Objectively Overrated/Underrated

What the average fan knows

One of the more common parlor games in NBA circles is debating which players are underrated. However, these conversations are often unproductive because it’s hard to know how players are perceived by fans in the first place. If you don’t know how the average fan feels about a player, then there’s no way to prove whether they’re overrated, underrated, or just properly rated.

Since we can’t survey every living basketball-knower we’re left with proxies for estimating how the average fan feels. In the past, I’ve tried to use Wikipedia pageviews, but players who are in the news for reasons other than basketball tend to get more pageviews than we’d expect based on how good they actually are.

What we really want is a measure of how fans feel about players’ on-court performance.

Last week, the NBA released data on the number of fan votes every player in the NBA received for the All-Star game. LeBron James led the way with over 5 million fan votes — last place went to Dallas’ Nate Hinton with just 238 votes. Fan voting for the All-Star game isn’t perfect, but it’s about as good a proxy as we’re going to get to the gold standard of surveying the larger basketball-watching world.

So now we have a reasonable approximation for how the average fan feels about every players’ on-court performance. To identify overrated and underrated players all we need to do is look at how those feelings compare to player’s actual on-court performance.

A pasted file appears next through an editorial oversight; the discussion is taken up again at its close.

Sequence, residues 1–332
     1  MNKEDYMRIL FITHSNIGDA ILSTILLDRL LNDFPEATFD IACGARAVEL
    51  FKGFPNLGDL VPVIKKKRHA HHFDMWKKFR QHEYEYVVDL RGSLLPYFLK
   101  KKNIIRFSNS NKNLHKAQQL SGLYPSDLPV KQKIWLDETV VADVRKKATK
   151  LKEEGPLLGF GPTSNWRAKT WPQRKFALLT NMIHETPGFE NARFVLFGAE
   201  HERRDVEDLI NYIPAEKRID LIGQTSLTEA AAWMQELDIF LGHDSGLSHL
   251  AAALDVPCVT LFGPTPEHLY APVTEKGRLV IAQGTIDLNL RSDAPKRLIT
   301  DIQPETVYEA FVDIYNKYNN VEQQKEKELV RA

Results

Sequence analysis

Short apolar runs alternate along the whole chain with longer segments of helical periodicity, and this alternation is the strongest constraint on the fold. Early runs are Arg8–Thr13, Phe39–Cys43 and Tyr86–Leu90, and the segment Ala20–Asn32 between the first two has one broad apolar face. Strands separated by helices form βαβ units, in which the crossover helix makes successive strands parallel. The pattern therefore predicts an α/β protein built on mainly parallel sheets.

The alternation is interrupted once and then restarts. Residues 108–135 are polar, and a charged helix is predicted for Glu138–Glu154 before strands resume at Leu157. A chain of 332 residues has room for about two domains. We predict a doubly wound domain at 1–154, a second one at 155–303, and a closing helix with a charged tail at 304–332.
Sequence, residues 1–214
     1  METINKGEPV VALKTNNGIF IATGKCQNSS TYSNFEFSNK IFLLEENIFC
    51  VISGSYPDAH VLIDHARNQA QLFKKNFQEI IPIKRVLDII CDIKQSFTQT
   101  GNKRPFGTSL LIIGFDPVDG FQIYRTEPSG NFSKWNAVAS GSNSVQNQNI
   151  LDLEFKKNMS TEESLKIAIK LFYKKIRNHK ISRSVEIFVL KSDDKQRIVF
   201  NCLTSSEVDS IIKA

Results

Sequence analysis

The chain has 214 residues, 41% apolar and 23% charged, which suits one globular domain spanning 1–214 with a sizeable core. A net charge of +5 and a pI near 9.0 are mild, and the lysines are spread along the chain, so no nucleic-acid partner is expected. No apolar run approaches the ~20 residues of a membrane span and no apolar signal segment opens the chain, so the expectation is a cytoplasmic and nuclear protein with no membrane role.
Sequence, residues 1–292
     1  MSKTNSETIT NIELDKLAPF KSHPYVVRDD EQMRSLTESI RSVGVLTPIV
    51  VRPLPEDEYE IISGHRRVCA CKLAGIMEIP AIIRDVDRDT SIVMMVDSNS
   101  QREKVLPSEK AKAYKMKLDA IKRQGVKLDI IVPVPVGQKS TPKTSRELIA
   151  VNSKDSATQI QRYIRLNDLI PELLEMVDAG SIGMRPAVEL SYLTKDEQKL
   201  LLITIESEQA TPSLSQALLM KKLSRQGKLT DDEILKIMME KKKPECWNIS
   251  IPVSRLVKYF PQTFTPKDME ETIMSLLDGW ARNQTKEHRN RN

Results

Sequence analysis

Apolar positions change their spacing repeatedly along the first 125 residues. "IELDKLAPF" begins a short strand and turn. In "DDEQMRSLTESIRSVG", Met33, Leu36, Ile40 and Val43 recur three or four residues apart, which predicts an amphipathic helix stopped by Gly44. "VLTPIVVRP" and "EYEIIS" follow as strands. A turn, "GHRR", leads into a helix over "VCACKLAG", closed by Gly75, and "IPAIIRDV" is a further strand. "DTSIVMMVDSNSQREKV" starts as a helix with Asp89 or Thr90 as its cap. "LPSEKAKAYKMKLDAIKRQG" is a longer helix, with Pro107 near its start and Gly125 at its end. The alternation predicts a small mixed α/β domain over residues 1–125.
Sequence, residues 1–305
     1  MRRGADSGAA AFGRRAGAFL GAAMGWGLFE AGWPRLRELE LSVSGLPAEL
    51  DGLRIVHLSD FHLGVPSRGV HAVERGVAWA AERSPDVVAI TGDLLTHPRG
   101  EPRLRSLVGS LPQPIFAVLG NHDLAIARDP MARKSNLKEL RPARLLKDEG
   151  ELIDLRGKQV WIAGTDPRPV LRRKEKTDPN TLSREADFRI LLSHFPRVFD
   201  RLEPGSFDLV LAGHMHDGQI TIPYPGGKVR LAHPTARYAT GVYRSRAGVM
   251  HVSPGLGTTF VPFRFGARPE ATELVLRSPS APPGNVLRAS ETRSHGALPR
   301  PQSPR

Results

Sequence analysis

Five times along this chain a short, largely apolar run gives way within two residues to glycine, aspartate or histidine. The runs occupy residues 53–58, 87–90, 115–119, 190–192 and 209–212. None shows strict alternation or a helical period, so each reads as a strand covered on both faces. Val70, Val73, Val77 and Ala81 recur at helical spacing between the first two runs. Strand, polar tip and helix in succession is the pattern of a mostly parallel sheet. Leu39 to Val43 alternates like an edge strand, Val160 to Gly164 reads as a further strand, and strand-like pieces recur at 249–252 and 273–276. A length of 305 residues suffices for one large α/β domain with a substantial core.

The chart below shows the relationship between the total number of fan votes a player received for the All-Star game (logged) and their regular season Estimated Plus/Minus (EPM) from Taylor Snarr’s dunksandthrees.com.

In general, the better a player is according to EPM the more fan votes they tend to receive. That’s a good thing! I think we should reward players who play well with more votes than players who don’t.

But it’s the exceptions to this rule that we’re interested in. Any player receiving more fan votes than we’d expect based on their on-court performance could be considered overrated, while any player receiving fewer votes than we’d expect could be considered underrated.

A quick aside: EPM, like ESPN’s Real Plus Minus (RPM) or FiveThirtyEight’s RAPTOR, is an impact metric that attempts to measure how much a player effects winning after controlling for things like the strength of a player’s teammates and opponents. It’s not perfect, but I think if you spent some time browsing the EPM leaderboard you’ll end up nodding your head in agreement more often than not. I chose to use EPM because I had a week-old copy of the data laying around and since we want to know how a player was performing when fans were casting their votes it made sense to use this particular dataset. Also, many of these all-in-one metrics tend to be at least somewhat correlated with one another so chances are if I had used another metric — like RPM or RAPTOR — we’d get similar results. But we’re not electing the Pope here so let’s just agree that EPM is good enough for this exercise.

Okay, so as I was saying, the higher a player’s EPM, the more fan votes they tend to receive. But the relationship isn’t linear. Even the worst players in the NBA can get their Mom and some friends to vote for them. So it’s more accurate to say that the relationship between EPM and fan voting is flat at first and as a player’s EPM increases so does the number of fan votes they receive at an increasing rate. You can see the relationship more clearly in the chart below where I’ve included a dotted trend line.